Turkish President Recep Tayyip Erdogan has categorically rejected a US-brokered ceasefire in Syria, further heightening tension ahead of US Vice President Mike Pence’s visit to Turkey on Wednesday.

Just a week after the Turkish offensive began against Kurdish fighters in northern Syria, the military operation has re-mixed the cards in this region, which has been at the center of the ongoing conflict in Syria since 2011.

Syrian government forces, in agreement with Kurdish fighters, returned to areas that had been out of Damascus’s control for years, while Moscow began to fill the vacuum left by the withdrawal of US troops.

After President Donald Trump initially gave a green light to the Turkish offensive by ordering the withdrawal of US troops from border points in northern Syria, he came under heavy criticism and called on Ankara to halt its offensive, imposing sanctions.

In this context, Trump decided to send Pence and Secretary of State Mike Pompeo to Turkey, where they will meet Erdogan on Thursday in order to persuade him to negotiate a truce with Kurdish fighters.

The White House announced Tuesday that the vice president “will reaffirm Trump’s commitment to maintaining economic sanctions on Turkey until a solution is found”.

But the Turkish president, who has not paid attention to the many international criticisms he faced since the beginning of the attack, has already rejected this proposal.

“They are asking us to ‘announce a ceasefire’,” Erdogan told the Turkish press on Tuesday.

We can never declare a ceasefire as long as Turkey has not expelled the “terrorist organization” from its borders.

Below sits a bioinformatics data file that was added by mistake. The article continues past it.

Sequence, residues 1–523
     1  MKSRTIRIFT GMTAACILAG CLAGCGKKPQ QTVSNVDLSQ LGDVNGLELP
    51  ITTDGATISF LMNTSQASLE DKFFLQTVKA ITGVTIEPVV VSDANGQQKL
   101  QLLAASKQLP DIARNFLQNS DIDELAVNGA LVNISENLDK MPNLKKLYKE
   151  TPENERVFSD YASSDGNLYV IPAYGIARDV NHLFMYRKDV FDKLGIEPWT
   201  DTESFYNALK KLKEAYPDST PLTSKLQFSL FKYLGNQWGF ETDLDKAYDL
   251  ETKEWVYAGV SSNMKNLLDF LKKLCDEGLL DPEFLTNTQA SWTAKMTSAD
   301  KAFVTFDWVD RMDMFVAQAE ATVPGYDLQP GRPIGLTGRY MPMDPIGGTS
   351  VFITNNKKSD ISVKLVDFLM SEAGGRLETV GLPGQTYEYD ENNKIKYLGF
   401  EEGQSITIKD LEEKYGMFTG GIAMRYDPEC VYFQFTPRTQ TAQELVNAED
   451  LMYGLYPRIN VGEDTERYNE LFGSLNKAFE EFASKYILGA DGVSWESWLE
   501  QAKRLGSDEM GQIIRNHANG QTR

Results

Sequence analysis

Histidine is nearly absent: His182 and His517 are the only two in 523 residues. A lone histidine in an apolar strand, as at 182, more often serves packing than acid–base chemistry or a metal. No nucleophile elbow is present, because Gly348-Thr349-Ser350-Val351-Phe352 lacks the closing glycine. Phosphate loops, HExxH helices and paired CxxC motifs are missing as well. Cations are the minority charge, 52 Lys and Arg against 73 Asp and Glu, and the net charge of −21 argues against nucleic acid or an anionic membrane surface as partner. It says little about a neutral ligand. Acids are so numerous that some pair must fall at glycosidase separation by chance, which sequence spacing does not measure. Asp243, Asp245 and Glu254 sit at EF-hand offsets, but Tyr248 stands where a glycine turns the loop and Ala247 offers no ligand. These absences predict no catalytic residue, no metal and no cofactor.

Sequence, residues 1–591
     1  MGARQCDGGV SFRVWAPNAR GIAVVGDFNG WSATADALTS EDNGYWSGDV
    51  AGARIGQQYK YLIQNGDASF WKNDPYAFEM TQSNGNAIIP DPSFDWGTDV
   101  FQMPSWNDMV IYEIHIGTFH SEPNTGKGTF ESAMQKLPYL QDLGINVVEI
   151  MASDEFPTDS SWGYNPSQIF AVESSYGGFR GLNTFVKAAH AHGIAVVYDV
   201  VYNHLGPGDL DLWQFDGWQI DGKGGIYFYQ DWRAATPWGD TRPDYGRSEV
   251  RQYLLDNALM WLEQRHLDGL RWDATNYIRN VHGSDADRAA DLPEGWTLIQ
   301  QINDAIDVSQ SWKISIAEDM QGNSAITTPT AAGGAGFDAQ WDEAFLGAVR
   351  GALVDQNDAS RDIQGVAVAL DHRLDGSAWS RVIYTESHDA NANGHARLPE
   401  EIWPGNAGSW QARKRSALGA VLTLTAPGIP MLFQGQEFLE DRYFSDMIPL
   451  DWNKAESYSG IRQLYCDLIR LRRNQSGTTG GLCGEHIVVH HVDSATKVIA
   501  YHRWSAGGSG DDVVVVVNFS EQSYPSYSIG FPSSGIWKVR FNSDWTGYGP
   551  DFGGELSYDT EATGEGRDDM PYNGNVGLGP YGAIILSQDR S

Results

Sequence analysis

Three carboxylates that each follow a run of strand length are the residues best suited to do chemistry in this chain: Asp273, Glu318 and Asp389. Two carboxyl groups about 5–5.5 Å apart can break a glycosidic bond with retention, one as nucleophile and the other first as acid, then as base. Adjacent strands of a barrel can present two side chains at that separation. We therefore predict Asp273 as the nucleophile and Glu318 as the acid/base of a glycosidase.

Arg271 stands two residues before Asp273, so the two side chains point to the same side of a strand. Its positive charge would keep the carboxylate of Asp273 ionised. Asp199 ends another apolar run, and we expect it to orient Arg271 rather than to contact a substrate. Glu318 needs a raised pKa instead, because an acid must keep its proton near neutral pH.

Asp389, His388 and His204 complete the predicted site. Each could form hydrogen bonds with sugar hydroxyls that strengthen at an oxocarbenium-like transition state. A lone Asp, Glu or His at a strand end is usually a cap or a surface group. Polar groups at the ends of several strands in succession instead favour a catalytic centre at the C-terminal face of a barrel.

Turkey calls the YPG in northern Syria “terrorist” as an extension of the PKK, which has been waging a bloody insurgency for decades on Turkish soil.

In the meantime, the fighting continues fiercely.

According to an AFP correspondent in the Turkish city of Gilan Pinar on the border heard many explosions in the city of Ras Al Ain, where the fighting is concentrated as Kurdish fighters are trying to repel the Turkish troops attack.

Turkey, supported by pro-Syrian factions, on 9 October, supported by Syrian factions, launched Operation Spring of Peace against the formerly Western-backed Kurdish YPG for its key role in the fight against ISIS.

To counter the attack, the Kurds asked for help from Damascus, which has deployed troops in the north of the country, particularly in Manbij and Ras Al Ain, where two Syrian soldiers were killed late Tuesday by artillery fire from pro-Ankara Syrian factions, the Syrian Observatory for Human Rights reported.

The observatory reported on Wednesday that clashes erupted between the Syrian army and Kurdish forces on the one hand, and factions loyal to Turkey on the other hand in Ain Issa.

With fears of a major confrontation between Syrian and Turkish forces with Syrian factions, Russian President Vladimir Putin invited Erdogan to visit Russia, the Kremlin said Tuesday.

The Russian Defense Ministry said Russian forces were continuing to patrol border areas along the “contact line” between Syrian and Turkish forces in the vicinity of Manbij.

Erdogan on Tuesday condemned the “dirty deal” between Kurdish forces and the Damascus regime, saying that the entry of Damascus forces into Manbij “isn’t a very negative development for us”.

The declared objective of the Turkish operation is to establish a 32-kilometer “safe zone” on Turkey’s border, which will return a portion of the 3.6 million Syrian refugees on its territory, away from its borders, the Kurds who consider it a source of destabilization.

The Turkish attack, according to the observatory, killed about 71 civilians and 158 fighters of the Syrian Democratic Forces, in addition to the deaths of 128 members of the Syrian factions loyal to Turkey.

Ankara, for its part, counted the killing of six Turkish soldiers, and 20 civilians by shells accused of Kurdish fighters fired at border areas, while recording the deaths of 128 among the Syrian factions loyal to Turkey.

The operation also displaced 160,000 people from their homes in northern Syria, according to the United Nations.

Several European countries have expressed fears that several ISIS fighters being held by Kurdish forces have fled.

But French Foreign Minister Jean-Yves Le Drian said on Wednesday that the camps where the fighters were being held weren’t threatened “for the time being”.

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